Appeal from the Judgment of Sentence January 9, 1981 in the Court of Common Pleas of Philadelphia County, Criminal No. 657 July T. 1977.
Jack M. Myers, Philadelphia, for appellant.
Elizabeth J. Chambers, Assistant District Attorney, Philadelphia, for Com., appellee.
McEwen, Olszewski and Kelly, JJ. Kelly, J., files a dissenting opinion.
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This appeal comes before us as a result of a first degree murder conviction returned by a jury against Harold T. McKendrick, appellant. After post-verdict motions were denied, appellant was sentenced to a term of life imprisonment. In the appeal sub judice, appellant raised numerous issues for our consideration. Most, however, deal with trial counsel's ineffectiveness. Although we find each claim meritless, we shall undertake a discussion of them all seriatim. First, a thorough recitation of the facts and procedure is necessary.
According to witnesses' testimony, on October 23, 1976, William Cheeseborough, the victim, and his girlfriend had a violent argument, resulting in Cheeseborough being ejected from the residence. This, however, did not stop Cheeseborough from yelling. Appellant entered the scene and knocked at the door to offer his assistance. Allan Holman told appellant that there was no trouble and "to leave the boy (meaning Cheeseborough) alone." At this time, appellant
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announced that he was going to shoot the victim. A shot was fired at Cheeseborough's feet. He jumped back asking what that was for and was immediately shot at again. The second bullet was in the chest, piercing his heart and killing him. There were three potential eye-witnesses: Louisa Bennett, Annette Johnson, and Allan Holman. Neither woman knew appellant before the incident but both were able to identify him.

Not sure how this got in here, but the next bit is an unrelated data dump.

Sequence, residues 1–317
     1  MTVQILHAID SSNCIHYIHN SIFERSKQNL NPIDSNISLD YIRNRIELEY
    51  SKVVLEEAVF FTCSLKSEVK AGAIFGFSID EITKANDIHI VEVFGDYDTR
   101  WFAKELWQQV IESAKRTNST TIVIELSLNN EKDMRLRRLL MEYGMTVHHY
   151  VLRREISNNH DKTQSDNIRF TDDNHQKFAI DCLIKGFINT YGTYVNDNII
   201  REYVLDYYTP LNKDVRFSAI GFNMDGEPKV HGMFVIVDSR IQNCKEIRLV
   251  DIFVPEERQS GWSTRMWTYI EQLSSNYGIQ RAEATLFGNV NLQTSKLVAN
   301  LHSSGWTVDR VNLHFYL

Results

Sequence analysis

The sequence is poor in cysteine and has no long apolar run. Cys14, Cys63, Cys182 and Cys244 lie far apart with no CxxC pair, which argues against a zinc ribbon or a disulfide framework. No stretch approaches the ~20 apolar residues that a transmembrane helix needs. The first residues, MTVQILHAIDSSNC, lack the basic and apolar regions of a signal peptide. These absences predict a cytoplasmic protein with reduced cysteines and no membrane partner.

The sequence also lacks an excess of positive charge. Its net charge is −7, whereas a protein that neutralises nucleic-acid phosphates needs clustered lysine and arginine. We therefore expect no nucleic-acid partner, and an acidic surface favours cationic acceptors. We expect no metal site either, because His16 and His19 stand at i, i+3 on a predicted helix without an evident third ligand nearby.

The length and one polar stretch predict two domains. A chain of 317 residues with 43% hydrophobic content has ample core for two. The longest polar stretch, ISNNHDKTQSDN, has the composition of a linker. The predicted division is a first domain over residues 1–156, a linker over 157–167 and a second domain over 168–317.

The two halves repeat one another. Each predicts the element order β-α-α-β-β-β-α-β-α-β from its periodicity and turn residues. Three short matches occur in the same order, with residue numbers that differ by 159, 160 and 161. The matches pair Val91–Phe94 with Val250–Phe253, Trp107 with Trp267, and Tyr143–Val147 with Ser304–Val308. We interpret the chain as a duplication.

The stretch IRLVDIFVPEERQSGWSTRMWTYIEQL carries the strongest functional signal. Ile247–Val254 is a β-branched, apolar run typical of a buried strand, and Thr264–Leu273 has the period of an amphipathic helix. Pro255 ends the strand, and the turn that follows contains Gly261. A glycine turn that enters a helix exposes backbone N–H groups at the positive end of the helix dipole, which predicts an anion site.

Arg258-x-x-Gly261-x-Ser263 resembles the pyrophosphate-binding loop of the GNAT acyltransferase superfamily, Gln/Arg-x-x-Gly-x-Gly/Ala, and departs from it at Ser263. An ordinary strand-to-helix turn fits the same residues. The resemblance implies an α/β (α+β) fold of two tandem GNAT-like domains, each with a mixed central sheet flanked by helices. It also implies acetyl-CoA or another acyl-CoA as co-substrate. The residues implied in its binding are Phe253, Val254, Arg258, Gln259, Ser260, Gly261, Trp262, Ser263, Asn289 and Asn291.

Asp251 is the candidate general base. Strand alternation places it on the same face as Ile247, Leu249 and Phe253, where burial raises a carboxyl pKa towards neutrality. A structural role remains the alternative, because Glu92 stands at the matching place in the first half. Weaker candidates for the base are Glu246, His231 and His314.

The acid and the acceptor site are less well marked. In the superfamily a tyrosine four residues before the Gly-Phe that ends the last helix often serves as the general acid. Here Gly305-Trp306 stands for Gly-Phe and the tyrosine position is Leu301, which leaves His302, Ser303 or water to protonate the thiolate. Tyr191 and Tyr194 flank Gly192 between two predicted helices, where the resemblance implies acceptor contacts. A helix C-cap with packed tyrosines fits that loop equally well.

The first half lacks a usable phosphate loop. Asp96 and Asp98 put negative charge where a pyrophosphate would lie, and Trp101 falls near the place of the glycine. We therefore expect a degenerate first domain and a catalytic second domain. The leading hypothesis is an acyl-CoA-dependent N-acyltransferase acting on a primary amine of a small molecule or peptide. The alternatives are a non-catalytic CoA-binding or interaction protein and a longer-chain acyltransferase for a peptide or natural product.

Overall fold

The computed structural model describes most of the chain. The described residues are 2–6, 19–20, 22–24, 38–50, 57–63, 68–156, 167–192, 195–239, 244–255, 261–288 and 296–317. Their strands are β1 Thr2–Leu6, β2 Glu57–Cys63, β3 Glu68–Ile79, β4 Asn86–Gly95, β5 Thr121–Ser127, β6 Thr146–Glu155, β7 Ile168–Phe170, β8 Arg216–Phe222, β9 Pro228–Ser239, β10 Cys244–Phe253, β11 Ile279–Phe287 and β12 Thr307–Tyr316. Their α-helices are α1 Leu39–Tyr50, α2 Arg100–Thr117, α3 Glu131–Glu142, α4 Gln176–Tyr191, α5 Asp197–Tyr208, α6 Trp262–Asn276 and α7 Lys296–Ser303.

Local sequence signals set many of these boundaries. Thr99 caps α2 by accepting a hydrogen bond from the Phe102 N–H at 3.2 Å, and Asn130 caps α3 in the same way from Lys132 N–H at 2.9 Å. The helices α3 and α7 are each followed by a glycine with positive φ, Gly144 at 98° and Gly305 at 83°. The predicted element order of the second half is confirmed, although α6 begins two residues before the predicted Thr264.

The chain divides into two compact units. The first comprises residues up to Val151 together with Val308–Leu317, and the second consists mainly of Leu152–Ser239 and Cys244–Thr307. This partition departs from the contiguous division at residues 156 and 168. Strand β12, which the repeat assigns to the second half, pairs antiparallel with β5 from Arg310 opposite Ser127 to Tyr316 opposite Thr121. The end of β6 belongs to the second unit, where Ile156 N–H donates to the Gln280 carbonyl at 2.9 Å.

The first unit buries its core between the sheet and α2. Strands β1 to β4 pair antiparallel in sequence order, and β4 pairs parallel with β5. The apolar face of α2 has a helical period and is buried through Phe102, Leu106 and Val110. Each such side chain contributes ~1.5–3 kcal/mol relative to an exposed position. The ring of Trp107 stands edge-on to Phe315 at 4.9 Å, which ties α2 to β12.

A warrant was issued on October 24 for the arrest of Harold McKendrick. He was not arrested, however, until 234 days later when he turned himself in. He was questioned by the police and denied knowledge of the shooting. At trial, his defense consisted of an alibi that he was present at a different location and that several other people had reason and motive to kill Cheeseborough.
Appellant's pre-trial counsel was Jack M. Myers, Esquire, at that time court-appointed, and now privately retained appellate counsel. Trial counsel was Benjamin Joseph, Esquire. After a decision on post-trial motions, he was permitted to withdraw and was replaced by David Sorin, Esquire. Mr. Sorin withdrew and Michael von Moschzisker, Esquire, was appointed to represent the appellant. A motion for a new trial and/or arrest of judgment was ultimately denied. Subsequently, Mr. von Moschzisker withdrew because of a change in employment and Michael McAlister, Esquire, was appointed to perfect an appeal to the Superior Court. He withdrew when Jack M. Myers, Esquire, once again took over.
We shall deal with appellant's last issue first. Appellant was sentenced on January 9, 1981 and filed a timely appeal on January 14, 1981. Oral argument was heard on April 1, 1986. As of this time, no lower court opinion had been filed. One was filed, however, on April 7, 1986, approximately five years and three months after sentencing.
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Appellant cites the recent Pennsylvania Supreme Court case of Commonwealth v. Hammer, 508 Pa. 88, 494 A.2d 1054 (1985) which involved a similar incident with the same judge. Like the Supreme Court, we strongly condemn the failure of the trial judge to file an opinion within a reasonable time. Despite the lack of a prompt filing, this is not in itself sufficient grounds for a new trial. In addition, we note that the completeness of the lower court opinion was a great aid in our disposition of the issues.